The night became day. Little sleepy eyes opened begrudgingly. She absentmindedly grabbed at dust dancing in a sunbeam as it pierced through her window landing on her bed. Gail giggled.
“Mommy, I can’t catch the dust.”
”Why would anyone want to play with dust? Come to breakfast. Remember we’re going to see your new cousin today.”
“It must be tomorrow,” Gail giggled again. Mother had told her she could see her newest cousin tomorrow.
She knew what a baby was. After all, she had played with dolls since she was little. But her dolls didn’t really eat or cry or soil their diapers. Mother told her babies didn’t stay where you put them either. That meant they probably didn’t live in toy boxes. Gail had never played with a real baby: not one who was just born.
”Is born the right word, Mommy?”
“Yes, your cousin is newly born.”
Gail knew that a cousin was like a brother or sister who lived with your parent’s brothers and sisters. She dressed without being coaxed, getting more excited as time went by. Soon she and mother were in the car, moving past the houses and other cars and big trucks. She loved big, loud trucks. Her chest rattled when they passed by.
“Is the baby a boy or a girl?”
“A boy. His name is Jacob,” mother said.
“Well, he’ll like the big trucks like I do. But he won’t want to play with dolls,” Gail reasoned. “Can he talk?”
“Not yet! You didn’t talk when you were first born.”
“Are you sure?”
“Very sure,” mother replied patiently, stifling a laugh.
“How does he get what he wants?”
Gail had to think about this for a while. If he couldn’t talk to her, and was too small to play with, what use was he? She made a face as her excitement waned.
“What can I do with him?”
“You can rock him and tickle him,” mother said. “He’ll grab your finger and hold it. If you put your cheek to his mouth he’ll kiss you”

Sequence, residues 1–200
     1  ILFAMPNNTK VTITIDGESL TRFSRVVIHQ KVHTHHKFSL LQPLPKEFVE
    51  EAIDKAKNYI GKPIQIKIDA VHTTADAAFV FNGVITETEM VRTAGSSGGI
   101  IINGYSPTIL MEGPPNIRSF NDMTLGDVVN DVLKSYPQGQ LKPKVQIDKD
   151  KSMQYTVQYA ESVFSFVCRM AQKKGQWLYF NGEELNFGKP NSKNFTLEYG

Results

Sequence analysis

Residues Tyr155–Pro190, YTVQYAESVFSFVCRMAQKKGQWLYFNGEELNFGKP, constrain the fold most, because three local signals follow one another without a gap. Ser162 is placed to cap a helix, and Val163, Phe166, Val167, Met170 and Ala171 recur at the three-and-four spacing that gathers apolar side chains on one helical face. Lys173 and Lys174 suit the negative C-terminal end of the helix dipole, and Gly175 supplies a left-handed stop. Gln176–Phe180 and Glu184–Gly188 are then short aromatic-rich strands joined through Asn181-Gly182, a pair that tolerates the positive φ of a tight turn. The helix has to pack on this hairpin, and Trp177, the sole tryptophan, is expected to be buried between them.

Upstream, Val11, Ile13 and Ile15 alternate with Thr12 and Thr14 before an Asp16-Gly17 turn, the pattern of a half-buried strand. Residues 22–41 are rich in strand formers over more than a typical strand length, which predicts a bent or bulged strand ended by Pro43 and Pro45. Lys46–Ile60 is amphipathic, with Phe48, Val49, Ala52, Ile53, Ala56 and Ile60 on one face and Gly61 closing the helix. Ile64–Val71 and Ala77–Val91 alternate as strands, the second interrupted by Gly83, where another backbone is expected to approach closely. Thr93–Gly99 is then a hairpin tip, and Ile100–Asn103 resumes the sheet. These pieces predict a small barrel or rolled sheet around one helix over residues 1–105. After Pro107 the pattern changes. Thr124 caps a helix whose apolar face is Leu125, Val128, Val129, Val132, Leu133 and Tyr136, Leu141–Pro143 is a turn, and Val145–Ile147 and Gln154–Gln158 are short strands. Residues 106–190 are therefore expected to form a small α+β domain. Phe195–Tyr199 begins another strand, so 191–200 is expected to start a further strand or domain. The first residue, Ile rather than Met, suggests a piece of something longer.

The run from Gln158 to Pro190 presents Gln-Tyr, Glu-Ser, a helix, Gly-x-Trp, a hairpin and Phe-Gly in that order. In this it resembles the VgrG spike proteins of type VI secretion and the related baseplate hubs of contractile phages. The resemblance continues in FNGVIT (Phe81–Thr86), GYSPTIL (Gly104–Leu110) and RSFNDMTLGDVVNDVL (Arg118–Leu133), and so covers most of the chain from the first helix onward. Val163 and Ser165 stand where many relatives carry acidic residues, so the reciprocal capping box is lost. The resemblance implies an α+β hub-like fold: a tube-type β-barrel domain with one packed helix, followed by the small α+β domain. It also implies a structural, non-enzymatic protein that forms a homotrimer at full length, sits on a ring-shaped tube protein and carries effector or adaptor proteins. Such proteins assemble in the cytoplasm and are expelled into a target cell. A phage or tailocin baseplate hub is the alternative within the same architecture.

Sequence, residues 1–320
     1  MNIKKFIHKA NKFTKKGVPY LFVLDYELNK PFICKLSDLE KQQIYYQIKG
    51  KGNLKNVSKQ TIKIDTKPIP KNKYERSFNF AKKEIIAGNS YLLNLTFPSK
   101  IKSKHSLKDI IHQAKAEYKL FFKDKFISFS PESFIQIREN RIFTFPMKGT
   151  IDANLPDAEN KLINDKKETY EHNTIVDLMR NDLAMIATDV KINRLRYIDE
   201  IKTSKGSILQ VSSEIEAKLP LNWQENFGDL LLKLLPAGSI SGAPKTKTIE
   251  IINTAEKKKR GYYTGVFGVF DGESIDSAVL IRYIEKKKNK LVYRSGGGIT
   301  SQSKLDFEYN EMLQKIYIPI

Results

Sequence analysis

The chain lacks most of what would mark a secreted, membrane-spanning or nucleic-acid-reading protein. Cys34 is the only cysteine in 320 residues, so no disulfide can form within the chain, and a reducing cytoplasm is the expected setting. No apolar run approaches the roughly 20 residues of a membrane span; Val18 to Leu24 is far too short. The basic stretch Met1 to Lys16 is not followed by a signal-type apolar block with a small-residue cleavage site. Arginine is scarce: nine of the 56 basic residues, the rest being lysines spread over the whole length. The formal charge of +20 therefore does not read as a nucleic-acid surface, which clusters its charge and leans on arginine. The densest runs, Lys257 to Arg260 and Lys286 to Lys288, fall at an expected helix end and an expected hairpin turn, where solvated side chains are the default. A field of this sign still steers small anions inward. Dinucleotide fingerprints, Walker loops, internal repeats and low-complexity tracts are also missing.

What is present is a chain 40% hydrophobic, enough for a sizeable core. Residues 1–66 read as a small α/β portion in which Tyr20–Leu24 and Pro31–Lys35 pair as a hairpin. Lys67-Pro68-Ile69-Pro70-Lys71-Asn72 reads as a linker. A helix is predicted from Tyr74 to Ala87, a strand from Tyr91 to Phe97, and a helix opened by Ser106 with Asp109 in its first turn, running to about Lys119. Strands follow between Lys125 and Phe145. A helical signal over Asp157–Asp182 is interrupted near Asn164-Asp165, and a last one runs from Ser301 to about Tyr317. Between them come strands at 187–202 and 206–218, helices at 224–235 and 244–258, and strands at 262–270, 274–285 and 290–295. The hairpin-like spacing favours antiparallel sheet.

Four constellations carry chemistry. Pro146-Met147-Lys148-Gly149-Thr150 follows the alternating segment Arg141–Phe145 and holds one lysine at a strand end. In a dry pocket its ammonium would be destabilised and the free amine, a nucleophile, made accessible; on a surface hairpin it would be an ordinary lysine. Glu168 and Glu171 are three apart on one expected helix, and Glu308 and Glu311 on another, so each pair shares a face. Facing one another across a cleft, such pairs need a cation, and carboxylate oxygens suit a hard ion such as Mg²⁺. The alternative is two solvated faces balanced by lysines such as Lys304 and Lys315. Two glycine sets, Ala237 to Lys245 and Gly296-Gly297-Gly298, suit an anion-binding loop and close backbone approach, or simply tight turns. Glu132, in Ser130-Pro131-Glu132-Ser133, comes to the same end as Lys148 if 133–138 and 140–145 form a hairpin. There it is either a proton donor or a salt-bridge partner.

Grab my finger, Gail thought. That sounded OK. She wasn’t sure about kissing, but tickling was fun. That meant he could laugh. Gail giggled behind the hand she slapped over her mouth.
Mother pulled the car into the drive. Gail jumped from the car seat, ran ahead of her mother and pushed through the front door.
“Auntie Bea, where’s my new cousin? I need to see how he works. I need to teach him how to play.” Gail finally took a breath as her aunt caught her!
“He’s on a pallet in the living room waiting to meet you,” Aunt Bea said. “Be careful you don’t scare him.”
Gail walked very slowly up to the pallet, got on her knees and touched Jacob’s hand. He immediately grabbed her offered finger, turned and smiled at her.
“He knows me! Look Mommy, he’s smiling at me. Can I tickle him, Auntie Bea?”
“Yes, but be very careful. His tummy is very soft so touch him gently, like you touch your new puppy,” Auntie Bea said as she sat on the floor beside Gail.
Gail pulled her finger free and lightly touched Jacob’s tummy. It was as soft as a marshmallow. She pulled his shirt up and fluttered all her fingers gently across his bare tummy. He smiled and kicked both legs like he was running in space. She tickled him again and again. His smile began to make noise, a bubbling noise at first that shortly became louder as his mouth opened all the way. Both legs and arms were flaying as fast as they could. His eyes were opened wide. Gail was sure he was laughing, but it didn’t sound like her laugh.
“Auntie Bea, where did Jacob come from?” Gail inquired.
“He is a gift from God, who chose your uncle and me to be Jacob’s parents.”
“Then Jacob must be laughing the way God laughs. I don’t laugh like that,” Gail stated flatly. With sudden awareness she added, “God giggles real good!”
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